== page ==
• Can be secured continuously around the edge.
• Will support an adult’s weight, as a precaution to a person walking or falling onto them.
• Will be resistant to vandalism (as far as is reasonable).

The above guidelines are particularly important when covers are being used in an outdoor pool, where entry may not be as controlled as an indoor facility.
Finally, it is essential that all operators ensure users are familiar with the safe operating procedures relating to the use of such covers and that safe handling techniques have been taught.

Use of Electrical Equipment around Swimming Pools

Regular checks on all electrical equipment are essential for the following reasons:
• The acknowledged dangers associated with its use in or near water.
• The Chemicals used in and around swimming facilities may have corrosive effects on the pool as well.
• Many possible cases of panic may result in case of a power cut.
Some general guidelines are as follows:
• A qualified electrical engineer should frequently check on all electrical installations and equipment. This includes the wires and plugs as well.
• Using and testing of residual current breakers should be carried out regularly.
• Avoid the use of 220-volt equipment.
• It is recommended to use portable electrical equipments that operate at 110 volts or below to avoid bigger risks.
• It is recommended to use a safety-isolating transformer that is suitably earthed and which complies according to the regular standard.
Safeguarding the pool and Protective pool safety for Children
Minimum recommendation for pool activities for children
• Children aged 1-5 must be accompanied by a responsible adult in the pool.
• Children aged 6-10 must be accompanied by a responsible adult who must remain in view of
the child in the pool.
• Children aged 11 and upwards may be unaccompanied.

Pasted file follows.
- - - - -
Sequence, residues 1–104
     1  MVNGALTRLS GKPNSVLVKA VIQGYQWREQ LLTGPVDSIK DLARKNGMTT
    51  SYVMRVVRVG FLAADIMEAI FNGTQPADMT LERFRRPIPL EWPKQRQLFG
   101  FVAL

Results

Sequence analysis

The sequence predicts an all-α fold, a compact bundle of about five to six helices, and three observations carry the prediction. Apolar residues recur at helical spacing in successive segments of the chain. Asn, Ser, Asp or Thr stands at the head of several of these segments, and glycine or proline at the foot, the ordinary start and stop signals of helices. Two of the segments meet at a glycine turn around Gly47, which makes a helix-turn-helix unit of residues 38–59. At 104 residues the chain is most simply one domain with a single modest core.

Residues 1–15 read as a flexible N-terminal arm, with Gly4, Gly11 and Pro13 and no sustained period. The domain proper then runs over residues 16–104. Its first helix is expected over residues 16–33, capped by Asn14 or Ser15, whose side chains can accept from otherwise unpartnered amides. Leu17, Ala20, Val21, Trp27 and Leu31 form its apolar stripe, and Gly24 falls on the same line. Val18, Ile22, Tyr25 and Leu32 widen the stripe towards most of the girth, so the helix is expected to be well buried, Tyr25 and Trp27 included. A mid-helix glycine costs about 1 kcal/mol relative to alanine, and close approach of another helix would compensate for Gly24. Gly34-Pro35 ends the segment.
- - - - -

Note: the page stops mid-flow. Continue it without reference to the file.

Minimum recommendation for Programmed Activities

Age needs to be considered, depending upon the nature of the activity and obtaining parent / guardian permission.The following will help owners to look at the factors which will help to control risks. They will also provide guidance in arriving at a practical and positive policy for child safety. It is impossible to arrive at a finite set of guidelines that would cover the many types of swimming pools. But all the possible scenarios must be taken into consideration before allowing a child into the pool.

For the purposes of these guidelines the health and safety of children must be paramount to all pool procedures and rules.

Some general guidelines are as follows:

• All children, as defined for the purposes of these guidelines, should be under constant Parental supervision within the facility.

• Operators may make specific rules for younger children and those with special attention to avoid unnecessary risk.

• For example, a rule for children aged eight and under, should be enforced during open
Leisure swimming times. It should say that children under eight can only use the pool
under the parents direction.

• Buoyancy aids should have the approved standards signs on it. Owners should inform the other swimmers of this fact where appropriate.

• Designated Non Swimmer Areas must meet the following criteria:

a. Suitable and sufficient area of shallow water.
b. Restricted access to deep water.
c. Clear line of view for the supervising body.
d. No water features e.g. slides.
e. No steep gradients.

• While engaging in pool activities the aquatic skills and awareness of safety of the children should be tested and certified by a recognised authority.

It’s common for parents and guardians to be nervous about sending their child off to swimming pool. Concerns about safety and risks are only natural and unavoidable, especially for first-time parents. While it’s important not to let your worries get in the way of your child’s fun, that doesn’t mean you have to ignore them entirely. These several simple steps that can be taken to learn about child safety and safety guidelines, that can keep them safe.